This moment is John’s alternative to the Synoptics’ agony in Gethsemane, and just as in the garden Jesus chose the Father’s will over his own (Luke 22:42), here too he alludes to God, but starts out like a teacher. He asks if he should call on God as Father to rescue him from what is to come, but then repeating that this is his hour, he speaks directly to God: “Father, glorify your name!” With that, just as happened in other Gospels at Jesus’ baptism and transfiguration, a voice came from heaven, this time saying, “I have glorified it and will glorify it again.” Then, Jesus explains what his hour and God’s glory mean: “Now is the time of judgment on this world; now the ruler of this world will be driven out.”
When Jesus interprets his coming death as a “lifting up,” he is reminding people of Isaiah’s song of the servant: “See, my servant shall prosper, he shall be raised high and greatly exalted” (Isaiah 52:13). But that verse goes on to say: “Even as many were amazed at him — so marred were his features” (52:14). John has chosen to portray this scene as one which reveals Jesus as the utterly faithful Son of God, the one for whom loss of everything for the sake of faithfulness and trust was not abandonment, but glory. John’s depiction of Jesus’ utter freedom and even joy at approaching his passion does not contradict the other Gospels, but reveals a different dimension of the same truth they tell.
John presents us with Jesus as the one who goes freely to his death and overcomes death. Death is the ultimate threat to humanity and every sort of fear and selfishness ultimately springs from the fear of death. But Jesus, the one who has come as a servant, as one of the little ones, approaches death in freedom and trust. Then he promises to draw all to him in that same atmosphere.
That is what John means when he tells us that Jesus being lifted up, indicated the kind of death he would die. John was not only referring to the cross, but saying that Jesus’ death would be an exaltation that would attract the whole world into his sphere of freedom and love. The kind of death he would die was one which would reveal the New Covenant and the ever-forgiving love of God.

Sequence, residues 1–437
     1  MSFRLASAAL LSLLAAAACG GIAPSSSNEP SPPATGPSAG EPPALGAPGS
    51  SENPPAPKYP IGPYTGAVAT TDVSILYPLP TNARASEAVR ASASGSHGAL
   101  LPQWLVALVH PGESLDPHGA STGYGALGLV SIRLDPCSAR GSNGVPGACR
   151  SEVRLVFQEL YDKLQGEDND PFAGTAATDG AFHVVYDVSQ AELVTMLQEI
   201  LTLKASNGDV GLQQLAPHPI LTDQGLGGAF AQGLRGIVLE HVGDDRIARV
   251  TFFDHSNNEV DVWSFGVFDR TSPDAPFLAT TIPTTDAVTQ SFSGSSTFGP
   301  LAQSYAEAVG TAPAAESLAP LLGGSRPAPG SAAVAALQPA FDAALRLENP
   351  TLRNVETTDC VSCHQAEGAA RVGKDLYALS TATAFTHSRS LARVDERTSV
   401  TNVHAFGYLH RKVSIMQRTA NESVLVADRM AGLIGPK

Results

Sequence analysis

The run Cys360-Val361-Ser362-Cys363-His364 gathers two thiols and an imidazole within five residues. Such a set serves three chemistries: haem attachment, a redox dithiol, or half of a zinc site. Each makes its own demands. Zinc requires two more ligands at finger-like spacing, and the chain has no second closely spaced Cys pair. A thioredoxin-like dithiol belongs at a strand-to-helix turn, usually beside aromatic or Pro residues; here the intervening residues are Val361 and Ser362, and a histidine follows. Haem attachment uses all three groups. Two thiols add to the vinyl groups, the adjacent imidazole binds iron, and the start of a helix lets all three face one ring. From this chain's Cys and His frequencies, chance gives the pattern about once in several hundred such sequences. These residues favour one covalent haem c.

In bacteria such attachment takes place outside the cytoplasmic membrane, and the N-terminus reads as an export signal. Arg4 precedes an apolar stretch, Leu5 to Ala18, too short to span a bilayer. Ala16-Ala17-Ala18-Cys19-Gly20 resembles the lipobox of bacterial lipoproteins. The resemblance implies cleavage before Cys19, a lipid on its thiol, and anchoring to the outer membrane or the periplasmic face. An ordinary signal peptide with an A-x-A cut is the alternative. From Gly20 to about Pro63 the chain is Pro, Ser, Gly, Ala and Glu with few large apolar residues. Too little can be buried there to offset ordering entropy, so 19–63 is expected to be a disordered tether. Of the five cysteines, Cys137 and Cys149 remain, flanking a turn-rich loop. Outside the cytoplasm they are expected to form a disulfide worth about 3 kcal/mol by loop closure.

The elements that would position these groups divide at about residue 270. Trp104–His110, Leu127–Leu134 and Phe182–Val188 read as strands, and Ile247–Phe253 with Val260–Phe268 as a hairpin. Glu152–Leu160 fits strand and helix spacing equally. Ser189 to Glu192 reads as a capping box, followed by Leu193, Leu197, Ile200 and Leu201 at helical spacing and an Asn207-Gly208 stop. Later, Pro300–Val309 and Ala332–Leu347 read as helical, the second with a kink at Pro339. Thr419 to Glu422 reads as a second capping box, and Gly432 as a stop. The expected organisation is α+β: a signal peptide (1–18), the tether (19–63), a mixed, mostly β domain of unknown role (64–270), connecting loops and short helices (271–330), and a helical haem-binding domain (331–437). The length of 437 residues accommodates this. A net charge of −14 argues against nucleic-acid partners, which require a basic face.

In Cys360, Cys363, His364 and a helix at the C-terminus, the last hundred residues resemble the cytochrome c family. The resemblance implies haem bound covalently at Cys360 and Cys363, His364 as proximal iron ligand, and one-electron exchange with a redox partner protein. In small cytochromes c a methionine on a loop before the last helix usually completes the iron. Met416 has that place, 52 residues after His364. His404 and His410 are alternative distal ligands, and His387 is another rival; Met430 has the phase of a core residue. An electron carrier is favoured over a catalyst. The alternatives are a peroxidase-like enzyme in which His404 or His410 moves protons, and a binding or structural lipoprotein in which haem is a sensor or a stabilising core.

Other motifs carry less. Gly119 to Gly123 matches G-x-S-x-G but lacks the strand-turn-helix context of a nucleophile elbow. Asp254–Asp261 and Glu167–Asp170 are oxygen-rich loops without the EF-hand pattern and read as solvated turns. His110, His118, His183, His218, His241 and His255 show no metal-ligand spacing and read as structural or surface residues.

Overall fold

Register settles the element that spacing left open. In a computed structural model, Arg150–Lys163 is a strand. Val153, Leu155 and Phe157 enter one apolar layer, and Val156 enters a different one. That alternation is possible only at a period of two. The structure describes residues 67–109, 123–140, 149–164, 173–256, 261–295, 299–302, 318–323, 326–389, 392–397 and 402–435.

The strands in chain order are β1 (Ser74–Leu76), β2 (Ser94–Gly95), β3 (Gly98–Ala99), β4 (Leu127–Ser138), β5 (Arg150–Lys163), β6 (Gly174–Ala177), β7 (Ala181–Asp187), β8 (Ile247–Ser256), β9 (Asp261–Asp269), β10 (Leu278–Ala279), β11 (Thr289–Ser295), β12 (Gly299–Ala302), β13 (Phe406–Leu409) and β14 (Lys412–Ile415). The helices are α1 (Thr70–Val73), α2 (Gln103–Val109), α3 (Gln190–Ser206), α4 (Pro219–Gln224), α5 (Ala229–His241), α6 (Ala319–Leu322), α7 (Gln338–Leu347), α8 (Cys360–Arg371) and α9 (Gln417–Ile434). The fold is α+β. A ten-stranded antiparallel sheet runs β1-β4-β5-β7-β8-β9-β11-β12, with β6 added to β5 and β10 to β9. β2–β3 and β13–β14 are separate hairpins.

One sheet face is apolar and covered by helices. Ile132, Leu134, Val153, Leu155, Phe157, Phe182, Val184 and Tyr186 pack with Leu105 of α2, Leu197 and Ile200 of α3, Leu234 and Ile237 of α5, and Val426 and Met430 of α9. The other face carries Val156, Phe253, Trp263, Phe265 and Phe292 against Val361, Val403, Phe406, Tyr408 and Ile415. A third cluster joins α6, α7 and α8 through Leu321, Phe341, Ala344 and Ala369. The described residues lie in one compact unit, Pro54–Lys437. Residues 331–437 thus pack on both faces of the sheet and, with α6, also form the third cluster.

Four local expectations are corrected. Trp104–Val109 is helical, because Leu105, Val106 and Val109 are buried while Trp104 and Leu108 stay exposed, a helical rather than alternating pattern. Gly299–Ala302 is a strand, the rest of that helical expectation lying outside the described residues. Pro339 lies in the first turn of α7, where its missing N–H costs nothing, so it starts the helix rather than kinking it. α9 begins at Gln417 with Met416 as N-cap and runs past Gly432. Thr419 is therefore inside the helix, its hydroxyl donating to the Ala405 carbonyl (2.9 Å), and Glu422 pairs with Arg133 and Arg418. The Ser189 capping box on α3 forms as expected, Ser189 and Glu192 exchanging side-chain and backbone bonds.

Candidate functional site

Planning: 5th Sunday of Lent
By: Lawrence Mick
If you are celebrating the third scrutiny today, you will be using the Cycle A readings: Ezekiel speaks of God opening graves and raising the dead; Paul speaks of the body as dead but the spirit as alive; Jesus raises Lazarus from his tomb. If you are using the Cycle B readings, you will also be hearing about death and resurrection: Jeremiah foresees a New Covenant with God; Paul speaks of the suffering and death of Christ; Jesus speaks of the seed dying to produce much fruit. Both sets of readings offer a great opportunity to really call the entire assembly to deeper conversion.
The thrust of the readings in both cycles is similar because we are approaching the Triduum, three days in which we are all called to die again to sin and selfishness and to rise to fuller life in Christ. The challenge for planners and preachers is to make this call to conversion clear and to invite the assembly to fully enter into the dynamic that shapes the Triduum.